As its name suggests the Ribblehead Viaduct carries the Settle to Carlisle railway line over the River Ribble. It’s a famous Yorkshire landmark and a feat of engineering – Ribblehead viaduct is made up of twenty-four arches rising to 104 feet above the valley floor at its highest point. The north end of the viaduct is 13 feet higher in elevation than the south end due to the incline as it crosses a distance of half a kilometre. It is constructed from over 1.5 million bricks and limestone blocks which weighed up to 8 tons. Every sixth column is thicker than its neaighbours, so if one fell it would only take 5 others with it, not the whole viaduct.
Construction took place between 1870 and 1874 and around 1000 mainly Irish navvies worked on the project, living in makeshift camps which eventually took on the appearance of small towns with shops and schools. (The remains of one of these camps can still be seen via undulations in the countryside surrounding the viaduct). The building of the viaduct came at a cost and the churchyard at nearby Chapel-Le-Dale had to be extended to accommodate the bodies of those killed in accidents or by disease. The Viaduct continues to carry rail traffic to this day, though there isn’t really a village at the location, though the nearby Station Inn provides B+B accommodation and camping.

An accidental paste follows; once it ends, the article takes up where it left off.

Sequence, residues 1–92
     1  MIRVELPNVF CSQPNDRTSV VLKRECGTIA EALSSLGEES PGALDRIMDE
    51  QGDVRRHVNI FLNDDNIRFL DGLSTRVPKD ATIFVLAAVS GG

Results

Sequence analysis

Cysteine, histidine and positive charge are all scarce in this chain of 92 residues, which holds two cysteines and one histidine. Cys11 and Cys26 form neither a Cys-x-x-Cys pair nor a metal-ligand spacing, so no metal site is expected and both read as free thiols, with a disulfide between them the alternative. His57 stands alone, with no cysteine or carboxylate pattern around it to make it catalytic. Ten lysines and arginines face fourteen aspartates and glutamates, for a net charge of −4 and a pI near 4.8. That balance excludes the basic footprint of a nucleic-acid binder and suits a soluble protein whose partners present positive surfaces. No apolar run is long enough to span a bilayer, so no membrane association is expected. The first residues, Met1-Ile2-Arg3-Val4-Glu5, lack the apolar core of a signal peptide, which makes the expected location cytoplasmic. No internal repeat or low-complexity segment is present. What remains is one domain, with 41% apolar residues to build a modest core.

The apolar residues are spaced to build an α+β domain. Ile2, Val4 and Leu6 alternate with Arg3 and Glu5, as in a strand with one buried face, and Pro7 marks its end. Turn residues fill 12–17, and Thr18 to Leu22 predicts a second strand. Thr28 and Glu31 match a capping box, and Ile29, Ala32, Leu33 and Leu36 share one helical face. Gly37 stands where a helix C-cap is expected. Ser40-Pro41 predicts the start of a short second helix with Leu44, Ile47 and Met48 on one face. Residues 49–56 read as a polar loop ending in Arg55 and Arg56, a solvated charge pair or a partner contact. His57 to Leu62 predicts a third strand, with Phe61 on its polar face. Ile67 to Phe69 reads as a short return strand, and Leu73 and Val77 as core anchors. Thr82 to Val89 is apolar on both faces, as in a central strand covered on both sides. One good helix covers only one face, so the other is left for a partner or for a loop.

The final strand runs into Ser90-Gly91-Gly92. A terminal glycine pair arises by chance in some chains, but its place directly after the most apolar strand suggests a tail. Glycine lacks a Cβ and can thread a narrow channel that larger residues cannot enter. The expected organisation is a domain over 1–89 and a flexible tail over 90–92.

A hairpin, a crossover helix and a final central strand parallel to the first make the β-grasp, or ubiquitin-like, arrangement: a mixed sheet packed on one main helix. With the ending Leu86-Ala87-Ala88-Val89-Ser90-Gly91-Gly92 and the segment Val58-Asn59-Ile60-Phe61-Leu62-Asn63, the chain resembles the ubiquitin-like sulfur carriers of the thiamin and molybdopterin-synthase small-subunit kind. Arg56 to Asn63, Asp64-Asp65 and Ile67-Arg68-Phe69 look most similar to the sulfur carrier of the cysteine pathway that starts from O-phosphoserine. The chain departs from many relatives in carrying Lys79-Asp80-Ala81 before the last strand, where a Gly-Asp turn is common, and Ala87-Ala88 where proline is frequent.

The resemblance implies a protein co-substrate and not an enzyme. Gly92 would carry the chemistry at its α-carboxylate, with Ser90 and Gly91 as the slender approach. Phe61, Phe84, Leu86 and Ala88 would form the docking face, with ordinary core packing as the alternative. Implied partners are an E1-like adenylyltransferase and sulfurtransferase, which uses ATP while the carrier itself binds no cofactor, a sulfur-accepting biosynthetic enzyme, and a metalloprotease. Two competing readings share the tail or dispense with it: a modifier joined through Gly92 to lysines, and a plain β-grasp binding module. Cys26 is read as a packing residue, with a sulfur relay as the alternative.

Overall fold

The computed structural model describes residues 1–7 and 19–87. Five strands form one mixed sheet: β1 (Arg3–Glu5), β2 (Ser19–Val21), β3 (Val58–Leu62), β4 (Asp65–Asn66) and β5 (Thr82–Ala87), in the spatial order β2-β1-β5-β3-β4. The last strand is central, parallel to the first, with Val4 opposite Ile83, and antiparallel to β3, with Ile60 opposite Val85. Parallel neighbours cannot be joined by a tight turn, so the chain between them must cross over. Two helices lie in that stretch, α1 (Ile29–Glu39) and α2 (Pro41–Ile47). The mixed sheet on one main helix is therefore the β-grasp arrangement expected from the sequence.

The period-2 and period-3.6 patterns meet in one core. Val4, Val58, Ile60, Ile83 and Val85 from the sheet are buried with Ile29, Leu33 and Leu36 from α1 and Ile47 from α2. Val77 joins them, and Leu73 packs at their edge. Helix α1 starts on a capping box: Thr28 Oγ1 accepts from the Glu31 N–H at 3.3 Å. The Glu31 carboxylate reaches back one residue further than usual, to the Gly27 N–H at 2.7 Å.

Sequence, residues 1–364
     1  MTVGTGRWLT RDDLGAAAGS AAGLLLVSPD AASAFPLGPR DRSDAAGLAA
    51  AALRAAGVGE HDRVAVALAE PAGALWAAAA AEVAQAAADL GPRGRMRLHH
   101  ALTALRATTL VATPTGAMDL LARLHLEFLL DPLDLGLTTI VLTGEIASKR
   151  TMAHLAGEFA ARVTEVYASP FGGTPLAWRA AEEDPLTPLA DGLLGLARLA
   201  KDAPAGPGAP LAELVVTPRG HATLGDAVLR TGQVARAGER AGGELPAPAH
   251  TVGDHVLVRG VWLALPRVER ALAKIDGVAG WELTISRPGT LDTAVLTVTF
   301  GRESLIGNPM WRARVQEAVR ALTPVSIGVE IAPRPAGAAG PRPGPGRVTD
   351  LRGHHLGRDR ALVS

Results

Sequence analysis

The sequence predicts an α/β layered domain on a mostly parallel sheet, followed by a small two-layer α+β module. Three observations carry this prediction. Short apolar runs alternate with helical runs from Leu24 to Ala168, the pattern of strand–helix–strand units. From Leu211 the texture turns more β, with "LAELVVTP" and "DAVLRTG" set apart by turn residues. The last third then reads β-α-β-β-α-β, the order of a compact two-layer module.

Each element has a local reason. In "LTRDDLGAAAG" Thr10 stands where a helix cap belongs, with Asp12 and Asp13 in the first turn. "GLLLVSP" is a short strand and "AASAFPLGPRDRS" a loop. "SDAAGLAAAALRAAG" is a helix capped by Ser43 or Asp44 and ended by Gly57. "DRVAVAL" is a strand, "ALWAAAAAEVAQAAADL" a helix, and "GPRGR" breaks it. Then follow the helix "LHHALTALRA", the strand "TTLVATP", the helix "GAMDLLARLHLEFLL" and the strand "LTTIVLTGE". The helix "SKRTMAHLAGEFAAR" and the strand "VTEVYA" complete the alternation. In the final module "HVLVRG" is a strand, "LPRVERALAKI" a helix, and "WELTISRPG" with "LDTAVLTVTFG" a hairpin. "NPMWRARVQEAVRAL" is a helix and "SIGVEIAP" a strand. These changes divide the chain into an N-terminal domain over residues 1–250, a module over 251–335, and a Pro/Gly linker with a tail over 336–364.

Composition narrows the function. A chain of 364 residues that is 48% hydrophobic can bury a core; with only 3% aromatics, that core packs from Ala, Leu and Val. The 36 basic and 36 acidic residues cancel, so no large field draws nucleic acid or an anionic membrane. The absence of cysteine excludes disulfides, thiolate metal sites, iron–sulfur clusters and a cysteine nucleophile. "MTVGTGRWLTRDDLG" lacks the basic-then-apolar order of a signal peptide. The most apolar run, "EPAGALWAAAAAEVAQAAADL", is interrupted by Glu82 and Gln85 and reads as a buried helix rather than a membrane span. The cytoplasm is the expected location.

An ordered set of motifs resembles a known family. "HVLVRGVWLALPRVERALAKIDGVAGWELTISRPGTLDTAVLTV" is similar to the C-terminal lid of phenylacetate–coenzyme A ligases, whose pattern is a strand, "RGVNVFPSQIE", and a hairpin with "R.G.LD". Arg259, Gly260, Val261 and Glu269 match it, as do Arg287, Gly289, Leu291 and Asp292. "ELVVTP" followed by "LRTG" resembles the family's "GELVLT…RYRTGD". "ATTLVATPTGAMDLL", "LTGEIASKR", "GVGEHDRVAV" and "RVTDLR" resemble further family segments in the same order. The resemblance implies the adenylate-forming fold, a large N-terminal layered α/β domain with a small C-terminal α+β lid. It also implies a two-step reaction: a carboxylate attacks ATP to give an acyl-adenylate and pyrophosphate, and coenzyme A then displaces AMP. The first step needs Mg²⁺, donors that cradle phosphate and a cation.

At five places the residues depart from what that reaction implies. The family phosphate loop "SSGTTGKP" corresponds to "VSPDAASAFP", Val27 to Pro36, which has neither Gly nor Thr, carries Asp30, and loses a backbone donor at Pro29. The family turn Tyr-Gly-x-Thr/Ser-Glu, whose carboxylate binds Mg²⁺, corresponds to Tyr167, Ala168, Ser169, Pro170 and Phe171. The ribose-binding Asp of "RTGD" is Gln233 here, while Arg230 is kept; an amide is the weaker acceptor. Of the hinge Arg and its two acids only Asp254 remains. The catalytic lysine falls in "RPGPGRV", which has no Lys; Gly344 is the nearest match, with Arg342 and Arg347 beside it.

Approaching the viaduct on the B6255 look for a left turn signposted Horton in Ribblesdale and Settle. Take this road, the B6479. Again, it’s a good 2 lane road which heads through a moorland landscape and passes over the Settle to Carlisle railway line, with Pen-y-ghent coming into view on the left. The road winds its way through the hamlet of Selside to arrive at Horton in Ribblesdale. Follow the road as it swings round to the left to enter the village with Pen-y-Ghent directly ahead.